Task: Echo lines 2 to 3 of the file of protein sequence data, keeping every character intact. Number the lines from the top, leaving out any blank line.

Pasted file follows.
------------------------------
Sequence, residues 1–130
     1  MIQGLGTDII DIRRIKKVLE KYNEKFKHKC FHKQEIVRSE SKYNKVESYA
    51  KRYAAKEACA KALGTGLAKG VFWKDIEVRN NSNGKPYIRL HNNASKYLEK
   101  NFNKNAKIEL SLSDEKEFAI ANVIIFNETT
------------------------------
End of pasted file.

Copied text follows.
     1  MIQGLGTDII DIRRIKKVLE KYNEKFKHKC FHKQEIVRSE SKYNKVESYA
    51  KRYAAKEACA KALGTGLAKG VFWKDIEVRN NSNGKPYIRL HNNASKYLEK